Standardization is not for its own sake [Lessons from the Road]

by Jamie Flinchbaugh on 01-30-17

I continue to surprise myself with the number of important topics that I have yet to write about, despite how many years I have written both blog posts and columns for first Assembly Magazine and now for several years IndustryWeek.

This month I take on the topic of standardization. The rote application of lean suggests that we standardize everything in sight. In fact, I’m just going to call all of you Alfred because it will be standard (if you ask “why Alfred?” then be prepared for the most sarcastic of responses). Standardization isn’t so inherently good that we should apply it blindly. It has benefits. In fact, it has massive benefits. But those benefits can be identified and articulated. And I attempt to provide a guide to that in my latest installment of Lessons from the Road.

In the article, I outline the following benefits of standardization:
Performance gains
Spotting problems
Don’t duplicate work
Shared resources
Flexible resources
Shared learning

As is often the case, given my constraint in space in writing a column, there are things left unsaid. I wanted to expand on one point. That is, there are often two different paths towards true standardization. The ultimate goal is both alignment and standardization in outcome / target and in methods / process. But do we go from none to all? Often we need to take steps. In taking first steps, what is more important? To standardize around a common target condition, or standardize around a method? This depends on which is more important in the near term.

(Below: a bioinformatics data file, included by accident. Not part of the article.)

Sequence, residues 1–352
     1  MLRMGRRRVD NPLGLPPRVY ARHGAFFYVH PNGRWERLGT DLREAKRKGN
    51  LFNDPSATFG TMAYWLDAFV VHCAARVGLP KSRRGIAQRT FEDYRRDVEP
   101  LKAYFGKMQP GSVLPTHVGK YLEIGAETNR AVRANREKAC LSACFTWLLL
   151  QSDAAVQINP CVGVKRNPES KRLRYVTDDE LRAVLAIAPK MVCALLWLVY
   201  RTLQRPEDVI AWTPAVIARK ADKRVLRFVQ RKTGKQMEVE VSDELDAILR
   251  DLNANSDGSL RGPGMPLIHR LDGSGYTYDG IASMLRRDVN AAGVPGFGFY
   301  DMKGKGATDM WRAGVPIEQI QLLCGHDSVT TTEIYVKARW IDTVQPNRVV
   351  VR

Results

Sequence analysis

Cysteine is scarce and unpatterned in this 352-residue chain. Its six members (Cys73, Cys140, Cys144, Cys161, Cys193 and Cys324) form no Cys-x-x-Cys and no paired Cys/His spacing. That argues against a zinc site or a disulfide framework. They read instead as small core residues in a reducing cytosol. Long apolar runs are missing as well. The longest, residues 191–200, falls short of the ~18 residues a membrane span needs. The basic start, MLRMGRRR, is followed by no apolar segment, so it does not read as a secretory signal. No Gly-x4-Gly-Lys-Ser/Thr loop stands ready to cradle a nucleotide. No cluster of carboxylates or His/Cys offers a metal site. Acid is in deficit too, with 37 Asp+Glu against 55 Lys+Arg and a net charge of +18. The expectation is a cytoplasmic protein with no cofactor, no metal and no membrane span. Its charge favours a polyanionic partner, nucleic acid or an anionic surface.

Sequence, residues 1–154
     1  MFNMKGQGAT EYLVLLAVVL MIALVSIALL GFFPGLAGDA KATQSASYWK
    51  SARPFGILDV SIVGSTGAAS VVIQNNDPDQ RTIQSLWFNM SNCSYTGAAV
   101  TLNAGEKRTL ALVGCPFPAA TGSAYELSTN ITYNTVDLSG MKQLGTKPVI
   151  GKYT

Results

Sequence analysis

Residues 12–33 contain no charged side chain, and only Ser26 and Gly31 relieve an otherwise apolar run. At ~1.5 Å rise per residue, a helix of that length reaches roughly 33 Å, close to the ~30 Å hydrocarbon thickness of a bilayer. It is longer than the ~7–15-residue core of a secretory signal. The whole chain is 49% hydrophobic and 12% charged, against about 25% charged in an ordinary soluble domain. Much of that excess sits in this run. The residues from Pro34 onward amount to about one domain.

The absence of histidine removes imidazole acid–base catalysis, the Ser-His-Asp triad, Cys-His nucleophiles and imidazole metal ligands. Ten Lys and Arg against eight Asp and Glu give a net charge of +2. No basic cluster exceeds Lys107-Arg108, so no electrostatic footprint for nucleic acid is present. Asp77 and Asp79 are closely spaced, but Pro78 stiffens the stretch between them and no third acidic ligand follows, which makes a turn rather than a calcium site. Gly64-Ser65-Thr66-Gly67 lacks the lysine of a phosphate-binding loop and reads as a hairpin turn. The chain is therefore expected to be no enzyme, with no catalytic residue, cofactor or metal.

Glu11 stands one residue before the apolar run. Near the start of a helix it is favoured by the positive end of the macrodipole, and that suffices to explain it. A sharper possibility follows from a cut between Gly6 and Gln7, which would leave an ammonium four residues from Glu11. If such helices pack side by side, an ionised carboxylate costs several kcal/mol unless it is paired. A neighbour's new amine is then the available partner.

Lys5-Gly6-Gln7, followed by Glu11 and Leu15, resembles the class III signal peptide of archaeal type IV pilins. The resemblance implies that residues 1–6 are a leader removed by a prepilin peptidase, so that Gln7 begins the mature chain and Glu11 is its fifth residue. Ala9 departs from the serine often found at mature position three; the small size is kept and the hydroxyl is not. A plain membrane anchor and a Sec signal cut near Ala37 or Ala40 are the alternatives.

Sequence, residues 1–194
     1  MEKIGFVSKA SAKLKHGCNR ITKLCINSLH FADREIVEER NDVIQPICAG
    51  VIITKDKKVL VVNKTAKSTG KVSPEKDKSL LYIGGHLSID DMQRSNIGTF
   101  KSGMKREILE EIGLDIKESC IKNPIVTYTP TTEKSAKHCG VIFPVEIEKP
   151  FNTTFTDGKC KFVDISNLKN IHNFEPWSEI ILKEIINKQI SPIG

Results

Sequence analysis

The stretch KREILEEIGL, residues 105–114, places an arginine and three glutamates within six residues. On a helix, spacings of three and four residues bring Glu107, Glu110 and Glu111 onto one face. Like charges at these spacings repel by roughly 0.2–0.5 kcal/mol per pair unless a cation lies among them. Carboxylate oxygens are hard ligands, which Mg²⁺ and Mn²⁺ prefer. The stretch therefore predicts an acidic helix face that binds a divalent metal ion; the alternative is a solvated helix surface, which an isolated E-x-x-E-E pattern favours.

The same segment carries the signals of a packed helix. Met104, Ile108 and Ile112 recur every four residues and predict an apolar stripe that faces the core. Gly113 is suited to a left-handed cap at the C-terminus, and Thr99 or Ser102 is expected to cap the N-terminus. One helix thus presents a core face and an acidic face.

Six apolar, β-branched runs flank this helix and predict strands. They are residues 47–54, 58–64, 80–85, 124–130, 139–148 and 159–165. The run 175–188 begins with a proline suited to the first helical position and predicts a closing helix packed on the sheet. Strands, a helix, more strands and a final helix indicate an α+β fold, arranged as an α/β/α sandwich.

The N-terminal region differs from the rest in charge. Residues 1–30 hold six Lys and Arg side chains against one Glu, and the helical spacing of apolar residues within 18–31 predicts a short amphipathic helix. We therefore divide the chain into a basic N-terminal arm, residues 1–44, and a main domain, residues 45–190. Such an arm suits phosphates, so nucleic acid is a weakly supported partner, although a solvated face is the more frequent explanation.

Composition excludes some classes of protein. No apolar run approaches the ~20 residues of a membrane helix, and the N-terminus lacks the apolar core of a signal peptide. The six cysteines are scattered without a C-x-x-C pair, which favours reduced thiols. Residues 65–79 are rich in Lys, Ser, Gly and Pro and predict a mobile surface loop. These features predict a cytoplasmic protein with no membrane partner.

If you standardize around a common target, but allow different teams / sites / individuals find their own means to get there, you may be surprised by their innovation in approaches. Yes, you will have variation in outcome, but if the target condition is clearly defined, then you can evaluate which are more successful at achieving that outcome. In “phase 2” of your grand master plan, you can then move to standardize around the methods based on which approach is most effective. This path is often effective when you are doing something entirely new and truly don’t know the best methods. img_3152

If you standardize the methods only, then you focus people on process and technique. This can sometimes feel bureaucratic and people may lose sight of the target outcome, but you’ve learned the skill of how to tear apart a process, find the best methods, and build capability around building and deploying a common method. People may deploy that method towards their own unique targets or objectives. An example here is that you standardize around how to provide employee feedback, but do not standardize what employee performance looks like and leaving that to the manager.

Some of you will say “you can’t separate method and outcome”. True, but you can absolutely determine where to start. You can’t boil the ocean, to use a cliché, so you have to focus somewhere. Where should you focus? Well, you have to be the judge. Hopefully I’ve just helped you be a better judge.

Please read the full column here.

  • Jamie, I encountered a dilemma between method and process parameters (machine parameters to produce desired outcome) and created a method with built in parameters. This way we addressed all three components. It was a lot of work but a great foundation of standardization nonetheless. The biggest challenge is making it stick and even though we engaged our production team I feel we still have cultural challenges…any advice here?? Thanks!

    Rob Gonzalez February 20, 2017 at 10:11 pm

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